Though my subjects differ widely – from owls, egrets and flamingos to sacred trees and forests to the moon over marshes and the Milky Way over national parks to dramatic sunrises and sunsets to delicate flowers – my photographs all carry my signature style that inspires peace and serenity featuring subjects that are either endangered or threatened. Known for my painterly approach to photography, my great sense of oneness with the natural world and understanding of composition, light and timing comes through. More than a beautiful piece of fine art photography, with each of my pieces it’s always my intent to raise awareness of endangered and threatened species and habitats that we stand to lose in the natural world if we are not careful. I’m honored that so many collectors tell me they feel as if they are right there with me while I’m taking the photograph when viewing my art work.
My approach to photography and life is grounded in my philosophical belief that we are all one, we are all interconnected. In protecting the world’s nature and wildlife, the environment, we are really protecting the family of humanity. For me the importance of nature is more than a scientific necessity for creating quality air, clean water and producing food. It is a sacred necessity for healing and bringing peace to the human soul. And, I, for one, am a beneficiary every time I step out into nature.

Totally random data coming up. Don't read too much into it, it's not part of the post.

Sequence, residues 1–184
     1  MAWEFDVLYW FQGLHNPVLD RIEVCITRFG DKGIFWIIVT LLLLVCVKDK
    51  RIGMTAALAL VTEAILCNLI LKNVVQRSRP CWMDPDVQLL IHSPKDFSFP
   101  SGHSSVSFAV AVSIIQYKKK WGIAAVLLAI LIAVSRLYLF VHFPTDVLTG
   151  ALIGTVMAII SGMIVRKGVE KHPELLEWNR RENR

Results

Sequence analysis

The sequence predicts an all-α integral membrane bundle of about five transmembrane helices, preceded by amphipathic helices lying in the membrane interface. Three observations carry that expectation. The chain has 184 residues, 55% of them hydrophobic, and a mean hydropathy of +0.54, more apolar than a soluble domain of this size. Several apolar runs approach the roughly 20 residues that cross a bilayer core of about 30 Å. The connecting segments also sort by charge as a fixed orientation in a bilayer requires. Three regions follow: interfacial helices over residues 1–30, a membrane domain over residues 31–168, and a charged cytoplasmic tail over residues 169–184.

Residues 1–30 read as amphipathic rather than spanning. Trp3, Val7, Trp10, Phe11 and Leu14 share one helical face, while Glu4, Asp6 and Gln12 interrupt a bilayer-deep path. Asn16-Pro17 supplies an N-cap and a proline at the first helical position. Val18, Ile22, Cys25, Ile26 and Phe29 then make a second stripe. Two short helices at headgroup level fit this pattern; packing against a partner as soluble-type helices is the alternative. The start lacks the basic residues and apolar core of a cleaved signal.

If you had a friend visiting you, what are some of the local spots you’d want to take them around to?
It is a blessing to live in beautiful, vibrant South Florida. From culture to cuisine to nature and wildlife there is a diversity of fun and interesting places to visit. Our adventures would be Nature, Nature, Nature from pre-dawn to sunrise to sunset and blue hour. Top places include Everglades National Park, Loxahatchee National Wildlife Refuge, Wakodahatchee Wetlands and Green Cay Nature Preserve. And, if an evening opened up for a leisurely dinner, it would be under the stars sitting on the patio in front of one of the fire-pits at GALLERYone Fort Lauderdale adjacent the Intracoastal Waterway.
Who else deserves some credit and recognition?